The recent revelation by Government’s economic advisors that 1,000 Barbadian workers could be on the breadline is within reason, General Secretary of the Barbados Workers Union (BWU) Toni Moore has said.
Moore said not only was the move necessary to urgently cut Government expenditure, but that several statutory bodies were bloated because of jobs handed out by the former Democratic Labour Party (DLP) administration in the lead up to the May 24 general election.
She told Barbados TODAY on sidelines of the 77th Annual Delegates’ Conference held at Solidarity House this morning: “If we were looking at a headcount exercise alone, a thousand as is being suggested would be a reasonable conclusion when one considers that within the last six to twelve months before the general election, there were a lot of people given positions in Government even though none were available.”
However, she argued that Government’s consideration had to go beyond just the economics of job cuts to factor in the social impact. She therefore urged the Mia Mottley-led administration to first seek to place underutilised human resources in under staffed areas of the public sector.
Noting that the inevitable displacement was unfortunate as Government continues to roll out the phases of its economic recovery plan, Moore explained that her membership understood the reason for the impending cuts.
However, the BWU general secretary has made it clear that her union would insist on the traditional ‘last in first out method’ given the lack of a proper work appraisal within public sector.
“There is no doubt about it that whenever we have to come to a position of deciding within categories that people may have to go that last in first out will to be the consideration because Government has not been very efficient in terms of assessing people in a way that would make any other determination make sense,” Moore explained, even as she acknowledged that the method may not be the best.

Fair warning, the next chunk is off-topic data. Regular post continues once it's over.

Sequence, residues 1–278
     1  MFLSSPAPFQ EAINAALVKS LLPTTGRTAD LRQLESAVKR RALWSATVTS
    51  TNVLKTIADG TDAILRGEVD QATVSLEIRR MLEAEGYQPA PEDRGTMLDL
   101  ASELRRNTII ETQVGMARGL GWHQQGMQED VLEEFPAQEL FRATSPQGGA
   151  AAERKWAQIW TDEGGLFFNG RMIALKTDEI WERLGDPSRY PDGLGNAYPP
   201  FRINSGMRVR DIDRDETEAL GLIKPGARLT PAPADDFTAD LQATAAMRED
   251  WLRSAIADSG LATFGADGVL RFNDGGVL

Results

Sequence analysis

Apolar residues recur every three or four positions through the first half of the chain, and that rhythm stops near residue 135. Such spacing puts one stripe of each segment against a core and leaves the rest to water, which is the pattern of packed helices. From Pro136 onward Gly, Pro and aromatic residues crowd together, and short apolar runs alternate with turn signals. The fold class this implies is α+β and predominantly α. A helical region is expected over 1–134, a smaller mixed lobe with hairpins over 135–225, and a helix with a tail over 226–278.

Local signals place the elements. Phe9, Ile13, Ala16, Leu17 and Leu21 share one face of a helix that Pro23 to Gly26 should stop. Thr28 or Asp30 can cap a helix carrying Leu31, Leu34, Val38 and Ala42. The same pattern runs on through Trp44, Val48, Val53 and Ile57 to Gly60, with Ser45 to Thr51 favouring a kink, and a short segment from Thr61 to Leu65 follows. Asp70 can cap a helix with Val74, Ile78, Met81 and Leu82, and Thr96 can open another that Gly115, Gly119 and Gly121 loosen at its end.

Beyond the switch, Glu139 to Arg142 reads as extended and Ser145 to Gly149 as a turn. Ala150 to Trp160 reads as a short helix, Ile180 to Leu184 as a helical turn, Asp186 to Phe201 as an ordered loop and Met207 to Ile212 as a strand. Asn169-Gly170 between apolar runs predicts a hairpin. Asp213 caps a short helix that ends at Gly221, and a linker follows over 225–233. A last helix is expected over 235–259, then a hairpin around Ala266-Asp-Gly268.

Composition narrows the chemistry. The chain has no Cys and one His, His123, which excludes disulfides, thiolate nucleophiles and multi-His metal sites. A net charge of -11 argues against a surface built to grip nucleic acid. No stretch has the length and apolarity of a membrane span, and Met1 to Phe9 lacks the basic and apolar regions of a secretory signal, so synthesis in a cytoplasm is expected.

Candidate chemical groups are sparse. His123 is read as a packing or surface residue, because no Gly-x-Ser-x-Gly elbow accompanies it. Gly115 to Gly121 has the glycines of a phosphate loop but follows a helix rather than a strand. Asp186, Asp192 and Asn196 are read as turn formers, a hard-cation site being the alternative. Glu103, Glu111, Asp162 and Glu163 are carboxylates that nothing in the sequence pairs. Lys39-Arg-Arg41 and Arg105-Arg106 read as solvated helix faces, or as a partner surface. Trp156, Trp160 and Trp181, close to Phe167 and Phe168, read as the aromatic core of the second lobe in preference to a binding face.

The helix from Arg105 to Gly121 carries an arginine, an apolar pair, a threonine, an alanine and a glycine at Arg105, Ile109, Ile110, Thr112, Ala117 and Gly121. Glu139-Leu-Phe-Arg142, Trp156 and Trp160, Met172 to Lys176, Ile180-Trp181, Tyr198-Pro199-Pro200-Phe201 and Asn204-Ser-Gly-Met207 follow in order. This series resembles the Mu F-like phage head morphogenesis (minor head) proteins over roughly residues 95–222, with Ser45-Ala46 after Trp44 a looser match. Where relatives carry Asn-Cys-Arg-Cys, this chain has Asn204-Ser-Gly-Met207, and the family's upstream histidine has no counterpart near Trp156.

“It is unfortunate because when you ‘last in first out’ you generally have a lot of younger people going home. It is a situation where a person definitely may have the skills but where you have a situation where the [previous Government] was reckless in how they engaged these persons. You can’t hope to finish right after you started wrong,” the union leader maintained.
Earlier this week one of Prime Minister Mia Mottley’s key economic advisers assured Barbadians that Government’s planned public sector layoffs would not be in the order of 4,000 workers.
At the same time, there was also a strong indication that if Government were to follow the advice of some 5,000 ordinary Barbadians, as it embarked on the restructuring of state owned enterprises, at least 1,000 workers would be laid off in the first instance.
The results of the online survey were released by Mottley’s advisory team led by Ambassador Dr Clyde Mascoll and other leading economists — Dr Kevin Greenidge, Governor of the Central Bank Cleviston Haynes, Director of Finance and Economic Affairs Ian Carrington and Professor Avinash Persaud, who are also leading the Barbados Economic Recovery Transformation (BERT) plan.